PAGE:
This IBA on the Door Peninsula encompasses Toft Point State Natural Area, The Ridges Sanctuary, a nonprofit nature preserve (The Ridges Sanctuary 2007), Bailey?s Harbor Boreal Forest and Wetlands State Natural Area, Moonlight Bay Bedrock Beach State Natural Area, and Mud Lake State Wildlife Area, which also includes Mud Lake State Natural Area. Extensive areas of unbroken forest, coastal wetlands and bays, old growth remnants, and unique dune-swale topography make this area one of the most significant natural areas in the Midwest, if not the entire eastern U.S. Habitat types include boreal forest remnants of white spruce and balsam fir, upland and lowland mixed coniferous-hardwood forest, alder thickets, sedge meadow, and coastal marsh. This site hosts many rare species of plants and animals including the federally endangered Hine?s emerald dragonfly and dwarf lake iris. Uncommon plant species such as bird?s eye primrose, small fringed gentian, and tufted hair grass grow on areas of exposed dolomite bedrock (WDNR 2007a, b, c, d). Thanks to shallow soils and frequent flooding, most of the area has escaped clearing and intensive human land use. Today, the primary goal of land management is conservation, and much of the land is seldom visited except along roads or established trails. Hiking trails are available at The Ridges and at Toft Point, and less-traveled trails and vehicle tracks can be found at the Mud Lake State Wildlife Area and Mud Lake State Natural Area.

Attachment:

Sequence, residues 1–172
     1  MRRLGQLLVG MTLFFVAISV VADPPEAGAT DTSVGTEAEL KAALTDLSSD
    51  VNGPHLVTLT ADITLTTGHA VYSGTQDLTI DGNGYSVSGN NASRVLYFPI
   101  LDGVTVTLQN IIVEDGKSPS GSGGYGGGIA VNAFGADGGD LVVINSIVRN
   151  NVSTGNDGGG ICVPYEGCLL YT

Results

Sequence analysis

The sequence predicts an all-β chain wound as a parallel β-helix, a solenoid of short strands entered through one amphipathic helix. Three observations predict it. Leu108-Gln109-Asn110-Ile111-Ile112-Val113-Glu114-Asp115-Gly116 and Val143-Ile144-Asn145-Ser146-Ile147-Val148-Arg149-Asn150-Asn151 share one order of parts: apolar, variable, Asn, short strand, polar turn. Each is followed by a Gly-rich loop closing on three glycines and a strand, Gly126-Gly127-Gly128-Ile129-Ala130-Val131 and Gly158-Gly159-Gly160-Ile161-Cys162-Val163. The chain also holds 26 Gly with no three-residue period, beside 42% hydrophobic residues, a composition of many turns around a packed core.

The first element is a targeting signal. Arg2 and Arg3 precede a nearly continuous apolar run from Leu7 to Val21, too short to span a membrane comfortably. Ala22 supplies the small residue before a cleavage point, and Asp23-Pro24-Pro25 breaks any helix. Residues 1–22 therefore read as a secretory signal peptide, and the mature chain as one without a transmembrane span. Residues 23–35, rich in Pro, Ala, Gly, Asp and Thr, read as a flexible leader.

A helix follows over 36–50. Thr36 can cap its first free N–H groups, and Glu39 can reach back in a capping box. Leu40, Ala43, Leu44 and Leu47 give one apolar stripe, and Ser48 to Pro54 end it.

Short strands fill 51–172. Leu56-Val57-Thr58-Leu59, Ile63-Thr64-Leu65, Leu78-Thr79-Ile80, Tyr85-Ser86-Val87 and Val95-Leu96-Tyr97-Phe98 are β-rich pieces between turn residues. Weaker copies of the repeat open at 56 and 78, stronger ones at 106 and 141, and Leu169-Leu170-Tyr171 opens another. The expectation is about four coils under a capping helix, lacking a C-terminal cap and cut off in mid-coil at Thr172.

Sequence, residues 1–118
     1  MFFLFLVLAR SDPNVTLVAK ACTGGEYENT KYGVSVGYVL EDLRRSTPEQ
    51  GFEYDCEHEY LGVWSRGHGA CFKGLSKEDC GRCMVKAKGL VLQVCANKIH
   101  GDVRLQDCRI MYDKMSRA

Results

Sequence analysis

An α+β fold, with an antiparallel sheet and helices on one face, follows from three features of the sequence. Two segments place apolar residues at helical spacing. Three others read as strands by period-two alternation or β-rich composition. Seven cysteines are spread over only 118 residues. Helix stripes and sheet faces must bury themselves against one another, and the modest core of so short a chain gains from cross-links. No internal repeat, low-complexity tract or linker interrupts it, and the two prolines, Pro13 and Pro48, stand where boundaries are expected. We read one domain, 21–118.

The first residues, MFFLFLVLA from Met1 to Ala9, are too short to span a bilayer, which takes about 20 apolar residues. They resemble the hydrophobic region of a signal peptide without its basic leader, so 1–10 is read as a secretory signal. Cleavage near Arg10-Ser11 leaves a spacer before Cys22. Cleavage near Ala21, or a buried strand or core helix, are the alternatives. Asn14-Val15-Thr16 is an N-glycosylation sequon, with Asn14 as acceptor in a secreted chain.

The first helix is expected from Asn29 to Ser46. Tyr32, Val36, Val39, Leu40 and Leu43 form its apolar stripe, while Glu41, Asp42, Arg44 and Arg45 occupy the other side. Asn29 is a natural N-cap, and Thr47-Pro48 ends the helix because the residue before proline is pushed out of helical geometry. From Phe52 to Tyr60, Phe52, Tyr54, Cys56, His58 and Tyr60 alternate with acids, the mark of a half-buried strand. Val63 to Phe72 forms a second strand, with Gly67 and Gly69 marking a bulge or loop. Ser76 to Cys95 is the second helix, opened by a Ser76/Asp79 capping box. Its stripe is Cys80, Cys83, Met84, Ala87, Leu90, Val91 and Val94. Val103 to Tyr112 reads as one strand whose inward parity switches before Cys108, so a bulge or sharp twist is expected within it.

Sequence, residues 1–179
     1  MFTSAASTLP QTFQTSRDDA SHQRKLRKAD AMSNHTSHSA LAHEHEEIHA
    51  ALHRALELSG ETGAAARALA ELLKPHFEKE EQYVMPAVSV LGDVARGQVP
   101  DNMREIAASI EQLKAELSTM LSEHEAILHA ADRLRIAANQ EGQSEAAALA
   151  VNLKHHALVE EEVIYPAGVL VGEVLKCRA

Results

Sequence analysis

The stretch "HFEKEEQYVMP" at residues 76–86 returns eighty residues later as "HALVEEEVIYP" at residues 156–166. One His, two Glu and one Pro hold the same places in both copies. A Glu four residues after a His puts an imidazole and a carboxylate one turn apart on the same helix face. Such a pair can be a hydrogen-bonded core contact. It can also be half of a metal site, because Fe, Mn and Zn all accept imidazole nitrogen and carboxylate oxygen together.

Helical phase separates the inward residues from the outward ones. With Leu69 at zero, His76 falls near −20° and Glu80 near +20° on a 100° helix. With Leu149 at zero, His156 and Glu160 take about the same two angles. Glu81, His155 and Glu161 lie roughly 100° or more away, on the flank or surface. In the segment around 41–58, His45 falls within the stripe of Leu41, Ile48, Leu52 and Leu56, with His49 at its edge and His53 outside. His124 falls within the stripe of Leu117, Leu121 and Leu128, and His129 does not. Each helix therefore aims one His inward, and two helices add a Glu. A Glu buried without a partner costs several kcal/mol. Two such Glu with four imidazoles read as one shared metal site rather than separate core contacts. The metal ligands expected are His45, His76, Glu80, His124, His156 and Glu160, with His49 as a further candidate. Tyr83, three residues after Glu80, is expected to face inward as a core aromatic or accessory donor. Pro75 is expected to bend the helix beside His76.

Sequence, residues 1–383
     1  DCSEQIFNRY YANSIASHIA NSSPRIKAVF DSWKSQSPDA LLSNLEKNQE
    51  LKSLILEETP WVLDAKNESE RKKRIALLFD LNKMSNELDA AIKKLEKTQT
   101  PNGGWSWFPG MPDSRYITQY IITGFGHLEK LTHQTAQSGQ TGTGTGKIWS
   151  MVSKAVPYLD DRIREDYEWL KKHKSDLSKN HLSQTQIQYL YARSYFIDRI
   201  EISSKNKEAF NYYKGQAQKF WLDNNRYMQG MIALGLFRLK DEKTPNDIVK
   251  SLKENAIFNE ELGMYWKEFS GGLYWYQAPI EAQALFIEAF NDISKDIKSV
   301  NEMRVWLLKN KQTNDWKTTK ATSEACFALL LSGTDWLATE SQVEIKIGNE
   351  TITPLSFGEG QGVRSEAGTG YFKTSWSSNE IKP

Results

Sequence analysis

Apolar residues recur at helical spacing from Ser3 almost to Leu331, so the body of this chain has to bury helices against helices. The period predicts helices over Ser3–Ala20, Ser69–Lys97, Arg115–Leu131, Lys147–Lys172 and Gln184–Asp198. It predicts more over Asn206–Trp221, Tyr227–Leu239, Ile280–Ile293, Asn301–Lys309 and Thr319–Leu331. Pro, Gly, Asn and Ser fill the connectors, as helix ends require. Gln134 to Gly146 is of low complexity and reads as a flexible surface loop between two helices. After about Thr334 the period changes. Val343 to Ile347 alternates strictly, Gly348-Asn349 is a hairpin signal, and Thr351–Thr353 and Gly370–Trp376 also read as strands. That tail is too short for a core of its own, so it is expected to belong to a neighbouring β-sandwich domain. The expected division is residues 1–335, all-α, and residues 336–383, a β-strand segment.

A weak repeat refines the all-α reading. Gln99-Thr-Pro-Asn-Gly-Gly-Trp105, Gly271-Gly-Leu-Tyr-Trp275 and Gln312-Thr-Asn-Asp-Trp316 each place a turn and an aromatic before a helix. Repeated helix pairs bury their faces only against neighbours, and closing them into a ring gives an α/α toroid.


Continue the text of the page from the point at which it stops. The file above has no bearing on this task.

The size and strategic position of this IBA make it one of the most significant migratory stopover sites along the western shore of Lake Michigan. Protected wetlands and bays attract waterfowl, and the adjacent wetlands (both open and forested) and uplands are used extensively by migrants, perhaps providing critical shelter and food during severe spring or fall storm events. Priority breeding birds in this IBA include shoreline raptors like Bald Eagle and Osprey, which have become re-established as regular breeders. Unusually high numbers of warblers, including Canada Warbler and Mourning Warbler, also are present; 17 species of warbler breed here in all (Pohlman et al. 2006). Breeding populations of Yellow-bellied Flycatcher, Blue-headed Vireo, Northern Waterthrush, Blackburnian Warbler, Magnolia Warbler, Northern Parula, and other northern species are near the southern edges of their geographic ranges. Coastal wetlands are home to American Bittern and possibly other species of conservation concern, including (recently) Trumpeter Swans. Shorelines are used by Common and Caspian Terns and are one of the few areas in Wisconsin where Common Goldeneye have nested regularly. The habitats at this IBA are among the best remaining examples of Great Lakes coastal forests and wetlands. Educational benefits of the site are evident at The Ridges Sanctuary, where thousands of visitors take part in bird hikes and other programs.
The conservation significance of this area is extremely high (Pohlman et al. 2006). The area has a high degree of protection, but continued development of the surrounding areas in Door County will present ongoing conservation challenges. Deer over-browsing is a threat to forest regeneration and likely is a critical threat to sustaining bird habitats, especially nesting microhabitats in the understory. Invasive species are a threat to the integrity of coastal wetlands, in particular. Management and stewardship should focus on maintaining, restoring, and connecting intact blocks of habitat and controlling invasive and overabundant species. This site would benefit from more intensive property-wide monitoring to better document populations of priority species.